Fire Then flood: Flash Flooding Forces Evacuations Along Camp Fire Burn Scar, Mudslides Also A Threat

The Butte County Sheriff's Department issued evacuation notices for residents living with the Camp Fire burn scar on Thursday — for water, not fire.

Mere days after the Camp Fire was completely contained by firefighters, heavy rains rolled into the area, dumping an estimated 1 inch of rain per hour, the Associated Press reports.

The sheriff's office issued evacuation orders shortly after 1 p.m. local time from the 200 block of Honey Run Road to Skyway — a highway that runs through the town of Paradise, California which was devastated by the wildfire.

It is unknown how many people are in the initial evacuation area. However, the department later issued additional evacuations for other areas near Paradise and Chico, California.

The abrupt rise in water levels prompted water rescue teams to respond to calls from trapped residents in Chico, which is located downhill from Paradise. Downed trees and utility poles were also reported, as well as flooded roads.

"The roots and the bottoms of the utility poles are just kind of swimming. It rained really hard in a short amount of time and this whole thing came up really quickly," Rick Carhart, a spokesman with the California Department of Forestry and Fire Protection, told the Associated Press. "This is heavy rain in a short period of time and that's the worst thing that can happen in the burn scar."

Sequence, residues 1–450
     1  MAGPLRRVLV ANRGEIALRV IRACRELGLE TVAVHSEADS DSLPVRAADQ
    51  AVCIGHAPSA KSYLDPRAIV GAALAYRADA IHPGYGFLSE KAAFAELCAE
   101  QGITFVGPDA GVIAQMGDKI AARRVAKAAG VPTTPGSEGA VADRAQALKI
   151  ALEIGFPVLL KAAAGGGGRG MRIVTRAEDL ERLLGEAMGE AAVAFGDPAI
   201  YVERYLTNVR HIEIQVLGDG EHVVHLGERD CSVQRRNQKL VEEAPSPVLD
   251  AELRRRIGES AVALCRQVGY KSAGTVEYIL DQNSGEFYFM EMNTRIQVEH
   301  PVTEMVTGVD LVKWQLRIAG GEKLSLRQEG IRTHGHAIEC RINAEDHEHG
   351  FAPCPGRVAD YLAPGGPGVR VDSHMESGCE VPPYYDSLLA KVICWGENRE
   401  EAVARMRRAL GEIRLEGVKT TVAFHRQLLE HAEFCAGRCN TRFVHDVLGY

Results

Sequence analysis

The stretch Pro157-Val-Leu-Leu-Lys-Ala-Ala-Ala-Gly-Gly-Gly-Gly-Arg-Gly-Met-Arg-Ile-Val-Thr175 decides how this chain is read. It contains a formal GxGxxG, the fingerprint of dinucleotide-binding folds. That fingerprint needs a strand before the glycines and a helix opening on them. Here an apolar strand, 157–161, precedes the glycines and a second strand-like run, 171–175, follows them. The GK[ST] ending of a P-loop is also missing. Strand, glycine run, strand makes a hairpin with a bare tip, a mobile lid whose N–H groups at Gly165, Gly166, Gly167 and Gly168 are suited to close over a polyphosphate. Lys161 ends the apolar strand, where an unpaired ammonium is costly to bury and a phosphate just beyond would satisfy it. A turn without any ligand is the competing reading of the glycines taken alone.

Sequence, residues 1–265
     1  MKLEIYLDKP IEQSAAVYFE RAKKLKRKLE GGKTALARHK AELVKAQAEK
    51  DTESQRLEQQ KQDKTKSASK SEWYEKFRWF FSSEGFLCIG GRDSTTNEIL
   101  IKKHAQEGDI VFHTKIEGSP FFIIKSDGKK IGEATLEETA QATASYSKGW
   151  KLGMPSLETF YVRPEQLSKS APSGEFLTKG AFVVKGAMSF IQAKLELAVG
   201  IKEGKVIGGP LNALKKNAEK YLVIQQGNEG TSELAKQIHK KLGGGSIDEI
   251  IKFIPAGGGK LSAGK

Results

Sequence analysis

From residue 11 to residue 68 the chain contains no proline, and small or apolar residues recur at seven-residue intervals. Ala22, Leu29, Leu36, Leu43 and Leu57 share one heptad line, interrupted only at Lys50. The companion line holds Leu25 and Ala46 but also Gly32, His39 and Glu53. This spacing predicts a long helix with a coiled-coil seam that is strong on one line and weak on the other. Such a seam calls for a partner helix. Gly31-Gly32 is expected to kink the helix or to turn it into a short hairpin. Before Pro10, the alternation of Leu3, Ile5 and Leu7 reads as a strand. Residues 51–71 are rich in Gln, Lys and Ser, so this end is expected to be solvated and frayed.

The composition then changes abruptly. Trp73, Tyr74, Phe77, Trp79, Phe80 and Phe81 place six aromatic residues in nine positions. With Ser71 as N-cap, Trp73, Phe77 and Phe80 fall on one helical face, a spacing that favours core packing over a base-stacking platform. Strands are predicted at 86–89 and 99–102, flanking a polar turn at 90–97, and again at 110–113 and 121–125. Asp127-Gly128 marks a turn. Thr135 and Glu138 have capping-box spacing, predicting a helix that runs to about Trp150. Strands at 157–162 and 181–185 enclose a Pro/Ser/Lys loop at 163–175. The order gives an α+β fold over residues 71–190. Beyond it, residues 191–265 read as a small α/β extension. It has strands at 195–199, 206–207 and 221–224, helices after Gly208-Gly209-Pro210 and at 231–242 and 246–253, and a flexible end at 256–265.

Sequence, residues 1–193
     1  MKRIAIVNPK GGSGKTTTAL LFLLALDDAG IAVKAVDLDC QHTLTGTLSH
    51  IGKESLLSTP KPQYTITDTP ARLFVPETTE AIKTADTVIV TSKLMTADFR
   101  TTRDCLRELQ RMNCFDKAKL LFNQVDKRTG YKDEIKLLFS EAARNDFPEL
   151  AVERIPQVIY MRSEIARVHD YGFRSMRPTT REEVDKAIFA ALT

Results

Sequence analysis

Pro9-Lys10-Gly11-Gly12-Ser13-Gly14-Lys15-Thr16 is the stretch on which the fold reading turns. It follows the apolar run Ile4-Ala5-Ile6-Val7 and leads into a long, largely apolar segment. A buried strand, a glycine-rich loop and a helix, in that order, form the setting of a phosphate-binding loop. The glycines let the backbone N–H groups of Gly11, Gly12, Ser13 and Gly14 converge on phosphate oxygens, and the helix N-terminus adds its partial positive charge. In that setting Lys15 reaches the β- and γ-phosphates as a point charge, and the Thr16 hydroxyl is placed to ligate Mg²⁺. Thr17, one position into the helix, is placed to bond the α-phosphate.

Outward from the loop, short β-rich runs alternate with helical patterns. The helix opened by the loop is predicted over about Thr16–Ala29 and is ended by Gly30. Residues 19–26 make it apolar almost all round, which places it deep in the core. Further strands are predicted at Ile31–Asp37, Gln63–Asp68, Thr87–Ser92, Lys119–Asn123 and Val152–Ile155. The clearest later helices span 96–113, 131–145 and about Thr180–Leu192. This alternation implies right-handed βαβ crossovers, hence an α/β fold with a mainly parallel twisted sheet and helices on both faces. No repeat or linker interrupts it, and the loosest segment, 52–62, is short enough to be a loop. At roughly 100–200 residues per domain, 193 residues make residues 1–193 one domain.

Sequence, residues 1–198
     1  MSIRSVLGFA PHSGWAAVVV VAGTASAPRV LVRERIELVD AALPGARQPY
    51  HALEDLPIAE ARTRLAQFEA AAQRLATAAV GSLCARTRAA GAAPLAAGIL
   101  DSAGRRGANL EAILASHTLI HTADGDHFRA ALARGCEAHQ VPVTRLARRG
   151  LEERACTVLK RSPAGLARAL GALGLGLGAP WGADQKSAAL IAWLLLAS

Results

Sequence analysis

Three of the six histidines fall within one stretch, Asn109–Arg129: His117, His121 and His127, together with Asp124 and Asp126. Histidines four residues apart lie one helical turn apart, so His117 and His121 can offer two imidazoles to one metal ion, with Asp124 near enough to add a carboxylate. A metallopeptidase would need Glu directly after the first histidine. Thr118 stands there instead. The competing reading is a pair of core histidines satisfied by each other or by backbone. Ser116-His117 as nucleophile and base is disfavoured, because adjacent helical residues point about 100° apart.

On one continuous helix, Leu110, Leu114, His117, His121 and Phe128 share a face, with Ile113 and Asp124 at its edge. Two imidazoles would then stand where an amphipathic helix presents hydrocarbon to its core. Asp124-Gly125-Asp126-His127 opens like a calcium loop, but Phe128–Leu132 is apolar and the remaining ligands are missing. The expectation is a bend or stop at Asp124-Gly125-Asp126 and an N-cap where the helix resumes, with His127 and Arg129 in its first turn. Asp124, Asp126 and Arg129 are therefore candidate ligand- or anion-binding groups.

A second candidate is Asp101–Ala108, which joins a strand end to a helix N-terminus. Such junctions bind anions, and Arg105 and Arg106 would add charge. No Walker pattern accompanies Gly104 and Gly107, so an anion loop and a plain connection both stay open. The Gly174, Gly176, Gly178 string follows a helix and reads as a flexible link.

According to Weather.gov, even light rain after a fire can pose a risk for flash flooding.

"Rainfall that would normally be absorbed will run off extremely quickly after a wildfire, as burned soil can be as water repellant as pavement. As a result, much less rainfall is required to produce a flash flood. A good rule of thumb is: "If you can look uphill from where you are and see a burnt-out area, you are at risk," the website says.

The area is also at risk for mudslides, which frequently occur after wildfires are followed by heavy rains. In January, 15 people were killed by a mudslide in Southern California following the Thomas Fire.

The National Weather Service has issued a flash flood warning for the Camp Fire Burn Scar that will remain in effect until midnight on Sunday as a weather system brings heavy rain and thunderstorms to Northern California and snowfall in the Sierra Nevada Mountains.

The rainfall also could deter residents of Paradise from returning to their homes, the AP reports. Residents have been under a mandatory evacuation for three weeks and could possibly return next week if the storm does not create any additional problems, Butte County Sheriff Kory Honea said.

Over 14,000 homes were destroyed and at least 88 people killed in the Camp Fire, the deadliest in California history.

Fire Then flood: Flash Flooding Forces Evacuations Along Camp Fire Burn Scar, Mudslides Also A Threat | U.S.